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Human genetic code unveiled

12 February 2001
By BioNews
Appeared in BioNews 94

The two scientific teams who jointly announced the completion of the first draft of the entire human genetic code last June will publish their results this week. The international consortium's version will appear in Nature this Thursday, while that of US Company Celera Genomics will be published in rival journal Science on the following day.

Both groups report that the total number of human genes appears to be much smaller than previous estimates of between 50,000 and 100,000. The Science paper, by Celera president Dr Craig Venter and 282 co-authors, estimates that the human genome contains between 26,000 and 39,000 genes. The publicly-funded Human Genome Project's (HGP) article in Nature puts the figure at between 30,000 and 40,000.

The results have surprised those who assumed that humans would have many more genes than simple life-forms such as the nematode worm, which has around 18,000 genes. But the human genome is more versatile than that of a worm - many human genes are composed of 'subunits' that can be reshuffled to make a variety of different proteins. Professor John Sulston, former head of the UK's genome sequencing effort, also points out that humans have many more 'control genes' than worms, which in turn can influence other genes in a variety of ways.

The publications have reignited the disputes over data access between the two groups. Sulston accused Celera of underplaying their reliance on the HGP's data to complete their own map. But Venter dismissed the claims as 'sour grapes', saying his version was superior to the HGP's freely-available one.

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Science rivals open the book of life
The Daily Telegraph |  12 February 2001
15 May 2012 - by Dr Daniel Grimes 
Watching Stephen Sackur interview renowned scientist Sir John Sulston on HARDtalk, it comes as a surprise to discover that Sulston's current interests lie in human population control. This from the scientist whose pioneering work on the basic cell biology of the nematode worm led him to Stockholm in 2002, where he was jointly awarded the Nobel Prize....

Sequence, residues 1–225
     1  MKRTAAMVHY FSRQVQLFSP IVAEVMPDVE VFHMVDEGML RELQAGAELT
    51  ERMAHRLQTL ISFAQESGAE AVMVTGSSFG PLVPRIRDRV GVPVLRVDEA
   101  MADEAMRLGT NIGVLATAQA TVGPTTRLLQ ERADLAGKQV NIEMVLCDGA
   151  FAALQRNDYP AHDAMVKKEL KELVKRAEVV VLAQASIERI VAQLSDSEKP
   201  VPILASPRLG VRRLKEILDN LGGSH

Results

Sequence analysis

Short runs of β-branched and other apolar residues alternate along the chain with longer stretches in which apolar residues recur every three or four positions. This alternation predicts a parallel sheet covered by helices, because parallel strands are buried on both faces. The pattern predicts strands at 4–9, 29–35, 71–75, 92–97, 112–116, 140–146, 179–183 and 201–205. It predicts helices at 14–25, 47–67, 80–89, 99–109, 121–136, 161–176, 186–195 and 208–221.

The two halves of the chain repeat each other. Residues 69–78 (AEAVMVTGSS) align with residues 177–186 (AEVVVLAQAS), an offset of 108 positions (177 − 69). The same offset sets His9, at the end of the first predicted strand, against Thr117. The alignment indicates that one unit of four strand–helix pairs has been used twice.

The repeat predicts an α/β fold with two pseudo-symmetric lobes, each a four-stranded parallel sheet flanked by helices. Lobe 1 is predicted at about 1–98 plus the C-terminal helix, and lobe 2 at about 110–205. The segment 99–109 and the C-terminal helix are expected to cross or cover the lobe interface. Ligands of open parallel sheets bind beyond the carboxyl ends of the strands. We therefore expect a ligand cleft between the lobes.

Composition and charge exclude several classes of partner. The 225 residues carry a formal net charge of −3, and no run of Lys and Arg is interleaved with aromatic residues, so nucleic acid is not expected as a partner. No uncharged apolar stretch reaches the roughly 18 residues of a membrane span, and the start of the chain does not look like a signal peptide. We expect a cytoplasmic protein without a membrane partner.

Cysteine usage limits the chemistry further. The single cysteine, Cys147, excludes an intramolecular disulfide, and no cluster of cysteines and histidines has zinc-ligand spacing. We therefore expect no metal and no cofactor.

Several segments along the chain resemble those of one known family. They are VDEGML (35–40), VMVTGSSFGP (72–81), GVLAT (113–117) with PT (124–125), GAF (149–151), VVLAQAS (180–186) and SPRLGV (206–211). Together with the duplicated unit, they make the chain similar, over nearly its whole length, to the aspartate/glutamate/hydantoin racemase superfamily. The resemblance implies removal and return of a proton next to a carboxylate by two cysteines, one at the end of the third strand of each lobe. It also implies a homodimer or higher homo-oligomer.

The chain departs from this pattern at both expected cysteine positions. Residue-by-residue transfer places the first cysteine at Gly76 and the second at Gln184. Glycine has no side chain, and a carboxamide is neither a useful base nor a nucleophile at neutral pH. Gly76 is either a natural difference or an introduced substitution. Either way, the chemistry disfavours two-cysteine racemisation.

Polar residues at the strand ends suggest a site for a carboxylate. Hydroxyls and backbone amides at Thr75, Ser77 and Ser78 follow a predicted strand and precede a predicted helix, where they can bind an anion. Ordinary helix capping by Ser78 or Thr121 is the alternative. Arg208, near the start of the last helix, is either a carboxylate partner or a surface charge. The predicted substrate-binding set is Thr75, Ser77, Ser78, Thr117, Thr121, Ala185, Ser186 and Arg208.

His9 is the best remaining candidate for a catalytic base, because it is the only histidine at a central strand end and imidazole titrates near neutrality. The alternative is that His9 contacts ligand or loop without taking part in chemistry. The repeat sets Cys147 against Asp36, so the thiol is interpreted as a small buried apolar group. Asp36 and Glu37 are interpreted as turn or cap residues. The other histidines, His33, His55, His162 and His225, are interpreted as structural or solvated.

18 January 2010 - by Dr Vivienne Raper 
India has sequenced its first full human genome becoming the sixth country to do so, according to the Indian Government. The genome of a 52-year-old man from Jharkhand, eastern India, was reportedly sequenced by a top Indian science research body at a cost of $30,000. The breakthrough will help pharmaceutical companies develop drugs better suited to Indian physiology, according to India's Council of Scientific and Industrial Research (CSIR)....
9 October 2006 - by Antony Starza-Allen 
The X Prize Foundation is offering $10m to the first private team that is able to sequence 100 human genomes in just ten days. It would currently take months, at the cost of millions of dollars, to sequence an individual human genome. Francis Collins, director of the...
5 August 2005 - by BioNews 
Advances in genome sequencing technologies are bringing scientists one step closer to a time when it would cost as little as $1000 to read the entire genetic code of a person, two US teams say. A group based at Harvard Medical School has developed a method using beads and fluorescent...
29 April 2005 - by BioNews 
US firm Celera Genomics is to discontinue its subscription business, through which it charges scientists to access its genome data. The company caused controversy when it published its version of the entire human genetic code, in February 2001. In contrast to the publicly-funded human genome effort, Celera did not make...
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